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Power Ambition Glory: The Stunning Parallels between Great Leaders of the Ancient World and Today . . . and the Lessons You Can Learn
Steve Forbes and John Prevas
Foreword by Rudolph Giuliani
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Format: Hardcover, 320pp.
Publisher: Crown Business
Pub. Date: June 16, 2009
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Item No: 9780307408440
Description and Reviews
From The Publisher:
Based on an extraordinary collaboration between Steve Forbes, chairman, CEO, and editor in chief of Forbes Media, and classics professor John Prevas, Power Ambition Glory provides intriguing comparisons between six great leaders of the ancient world and contemporary business leaders.
- Great leaders not only have vision but know how to build structures to effect it. Cyrus the Great did so in creating an empire based on tolerance and inclusion, an approach highly unusual for his or any age. Jack Welch and John Chambers built their business empires using a similar approach, and like Cyrus, they remain the exceptions rather than the rule.
- Great leaders know how to build consensus and motivate by doing what is right rather than what is in their self-interest. Xenophon put personal gain aside to lead his fellow Greeks out of a perilous situation in Persia–something very similar to what Lou Gerstner and Anne Mulcahy did in rescuing IBM and Xerox.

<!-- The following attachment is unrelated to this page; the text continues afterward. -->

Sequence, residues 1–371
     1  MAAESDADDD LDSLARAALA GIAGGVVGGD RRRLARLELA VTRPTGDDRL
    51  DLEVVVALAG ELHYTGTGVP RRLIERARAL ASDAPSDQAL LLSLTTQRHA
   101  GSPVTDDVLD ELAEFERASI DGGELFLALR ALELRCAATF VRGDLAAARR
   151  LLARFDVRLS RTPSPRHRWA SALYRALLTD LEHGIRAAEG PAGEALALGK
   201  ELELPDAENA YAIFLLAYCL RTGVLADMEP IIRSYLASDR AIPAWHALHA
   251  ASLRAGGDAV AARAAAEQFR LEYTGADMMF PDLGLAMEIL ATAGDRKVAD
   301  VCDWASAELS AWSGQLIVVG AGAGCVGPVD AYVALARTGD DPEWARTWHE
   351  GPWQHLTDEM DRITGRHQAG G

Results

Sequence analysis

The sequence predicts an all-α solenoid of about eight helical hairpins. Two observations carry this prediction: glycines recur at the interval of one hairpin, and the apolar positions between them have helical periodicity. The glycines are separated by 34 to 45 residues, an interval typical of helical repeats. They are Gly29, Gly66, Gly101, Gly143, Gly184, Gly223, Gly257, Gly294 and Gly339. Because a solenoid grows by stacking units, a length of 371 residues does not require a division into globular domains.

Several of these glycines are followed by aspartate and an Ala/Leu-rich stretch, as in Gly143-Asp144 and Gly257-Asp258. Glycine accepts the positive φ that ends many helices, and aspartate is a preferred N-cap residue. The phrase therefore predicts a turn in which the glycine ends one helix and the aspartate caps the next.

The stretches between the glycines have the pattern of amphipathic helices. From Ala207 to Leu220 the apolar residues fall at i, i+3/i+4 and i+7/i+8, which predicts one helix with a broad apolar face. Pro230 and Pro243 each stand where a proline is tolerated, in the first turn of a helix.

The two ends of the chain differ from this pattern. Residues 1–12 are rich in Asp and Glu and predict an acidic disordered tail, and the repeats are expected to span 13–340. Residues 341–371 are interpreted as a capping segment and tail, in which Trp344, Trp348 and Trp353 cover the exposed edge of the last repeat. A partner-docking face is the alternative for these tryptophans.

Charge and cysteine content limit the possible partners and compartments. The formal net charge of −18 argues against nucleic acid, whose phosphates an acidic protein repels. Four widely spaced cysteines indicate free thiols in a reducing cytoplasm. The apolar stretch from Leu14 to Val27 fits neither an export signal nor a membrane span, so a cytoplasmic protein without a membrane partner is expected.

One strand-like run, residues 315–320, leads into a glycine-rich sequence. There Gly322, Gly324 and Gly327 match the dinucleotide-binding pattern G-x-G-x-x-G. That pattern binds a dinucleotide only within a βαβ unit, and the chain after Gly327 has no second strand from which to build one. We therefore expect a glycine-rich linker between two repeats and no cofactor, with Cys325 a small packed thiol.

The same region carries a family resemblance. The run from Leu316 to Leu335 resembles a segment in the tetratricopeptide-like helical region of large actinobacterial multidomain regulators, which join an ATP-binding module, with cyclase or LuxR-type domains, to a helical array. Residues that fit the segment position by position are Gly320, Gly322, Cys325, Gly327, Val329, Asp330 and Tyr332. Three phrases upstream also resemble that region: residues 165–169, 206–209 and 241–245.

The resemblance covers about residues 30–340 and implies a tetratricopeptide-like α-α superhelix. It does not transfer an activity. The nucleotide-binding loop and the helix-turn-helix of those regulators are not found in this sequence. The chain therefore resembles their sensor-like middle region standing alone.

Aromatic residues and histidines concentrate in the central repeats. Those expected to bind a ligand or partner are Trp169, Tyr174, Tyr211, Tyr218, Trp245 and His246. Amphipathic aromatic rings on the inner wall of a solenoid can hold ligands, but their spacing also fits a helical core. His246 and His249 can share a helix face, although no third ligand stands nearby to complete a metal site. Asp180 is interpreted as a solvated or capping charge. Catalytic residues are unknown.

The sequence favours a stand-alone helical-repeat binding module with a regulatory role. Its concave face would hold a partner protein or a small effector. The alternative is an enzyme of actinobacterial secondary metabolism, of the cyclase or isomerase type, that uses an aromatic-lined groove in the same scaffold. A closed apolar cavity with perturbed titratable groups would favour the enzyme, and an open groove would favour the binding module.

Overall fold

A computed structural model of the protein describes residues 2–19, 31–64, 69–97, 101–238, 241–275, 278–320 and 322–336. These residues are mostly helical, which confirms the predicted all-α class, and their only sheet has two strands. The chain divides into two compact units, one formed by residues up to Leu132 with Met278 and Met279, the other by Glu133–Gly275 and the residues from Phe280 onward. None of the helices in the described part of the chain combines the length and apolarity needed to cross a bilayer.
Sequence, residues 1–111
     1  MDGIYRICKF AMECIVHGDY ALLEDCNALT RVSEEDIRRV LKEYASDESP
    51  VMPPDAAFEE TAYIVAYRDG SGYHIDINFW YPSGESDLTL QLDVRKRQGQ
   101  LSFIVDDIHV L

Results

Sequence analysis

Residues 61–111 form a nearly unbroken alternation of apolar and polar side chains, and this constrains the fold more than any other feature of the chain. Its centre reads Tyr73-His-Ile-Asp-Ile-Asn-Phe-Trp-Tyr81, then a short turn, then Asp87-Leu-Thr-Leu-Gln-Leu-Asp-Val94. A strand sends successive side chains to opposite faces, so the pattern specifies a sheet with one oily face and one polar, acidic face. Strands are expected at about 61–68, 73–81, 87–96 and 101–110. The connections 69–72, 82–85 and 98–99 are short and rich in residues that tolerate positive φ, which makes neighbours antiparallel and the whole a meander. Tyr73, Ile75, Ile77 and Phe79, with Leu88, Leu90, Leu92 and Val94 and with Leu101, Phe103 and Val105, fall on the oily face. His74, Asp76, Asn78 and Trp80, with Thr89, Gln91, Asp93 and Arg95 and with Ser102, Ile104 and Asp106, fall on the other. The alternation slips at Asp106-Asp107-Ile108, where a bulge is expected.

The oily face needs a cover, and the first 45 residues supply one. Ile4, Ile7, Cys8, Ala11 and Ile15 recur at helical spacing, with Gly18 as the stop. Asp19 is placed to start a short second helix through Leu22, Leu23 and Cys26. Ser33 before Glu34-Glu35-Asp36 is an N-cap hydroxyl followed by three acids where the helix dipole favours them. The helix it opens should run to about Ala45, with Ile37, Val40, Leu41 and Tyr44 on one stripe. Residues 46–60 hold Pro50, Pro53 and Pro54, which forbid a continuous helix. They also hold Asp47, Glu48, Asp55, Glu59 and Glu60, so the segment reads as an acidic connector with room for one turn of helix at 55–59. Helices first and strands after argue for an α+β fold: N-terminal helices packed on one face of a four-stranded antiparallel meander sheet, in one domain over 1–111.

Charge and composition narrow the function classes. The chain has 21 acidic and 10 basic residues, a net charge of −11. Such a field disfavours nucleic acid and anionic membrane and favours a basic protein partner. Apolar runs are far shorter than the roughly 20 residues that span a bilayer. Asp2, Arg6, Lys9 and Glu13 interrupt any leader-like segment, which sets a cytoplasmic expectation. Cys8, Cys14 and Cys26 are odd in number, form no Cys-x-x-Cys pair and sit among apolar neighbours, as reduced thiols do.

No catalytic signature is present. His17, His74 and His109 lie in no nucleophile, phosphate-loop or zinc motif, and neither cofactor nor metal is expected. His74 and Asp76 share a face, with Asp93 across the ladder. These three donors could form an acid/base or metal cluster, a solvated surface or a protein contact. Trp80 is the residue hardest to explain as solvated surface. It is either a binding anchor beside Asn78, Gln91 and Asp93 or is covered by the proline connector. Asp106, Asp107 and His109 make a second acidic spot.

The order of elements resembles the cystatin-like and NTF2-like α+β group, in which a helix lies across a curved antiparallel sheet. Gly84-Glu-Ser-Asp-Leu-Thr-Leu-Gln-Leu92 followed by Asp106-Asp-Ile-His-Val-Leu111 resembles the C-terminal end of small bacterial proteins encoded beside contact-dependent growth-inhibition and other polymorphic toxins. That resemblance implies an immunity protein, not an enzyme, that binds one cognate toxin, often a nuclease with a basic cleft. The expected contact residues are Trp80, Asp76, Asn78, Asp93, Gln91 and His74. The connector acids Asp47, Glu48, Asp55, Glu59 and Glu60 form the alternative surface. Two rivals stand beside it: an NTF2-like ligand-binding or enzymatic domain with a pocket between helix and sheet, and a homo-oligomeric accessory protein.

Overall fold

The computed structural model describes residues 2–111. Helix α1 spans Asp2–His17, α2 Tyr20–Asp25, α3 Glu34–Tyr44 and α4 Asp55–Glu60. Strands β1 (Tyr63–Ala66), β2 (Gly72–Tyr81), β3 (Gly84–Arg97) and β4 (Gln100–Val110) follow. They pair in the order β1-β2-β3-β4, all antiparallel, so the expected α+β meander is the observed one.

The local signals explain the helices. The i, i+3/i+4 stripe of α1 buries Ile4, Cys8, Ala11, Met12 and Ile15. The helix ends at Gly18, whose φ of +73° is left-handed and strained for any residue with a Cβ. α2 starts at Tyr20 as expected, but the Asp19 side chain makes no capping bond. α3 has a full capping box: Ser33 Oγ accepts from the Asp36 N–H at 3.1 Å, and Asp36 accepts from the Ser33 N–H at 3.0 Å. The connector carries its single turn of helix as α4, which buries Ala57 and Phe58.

- Character matters in leadership. Alexander the Great had exceptional leadership skills that enabled him to conquer the eastern half of the ancient world, but he was ultimately destroyed by his inability to manage his phenomenal success. The corporate world is full of similar examples, such as the now incarcerated Dennis Kozlowski, who, flush with success at the head of his empire, was driven down the highway of self-destruction by an out-of-control ego.
- A great leader is one who challenges the conventional wisdom of the day and is able to think out of the box to pull off amazing feats. Hannibal did something no one in the ancient world thought possible; he crossed the Alps in winter to challenge Rome for control of the ancient world. That same innovative way of thinking enabled Serge Brin and Larry Page of Google to challenge and best two formidable competitors, Microsoft and Yahoo!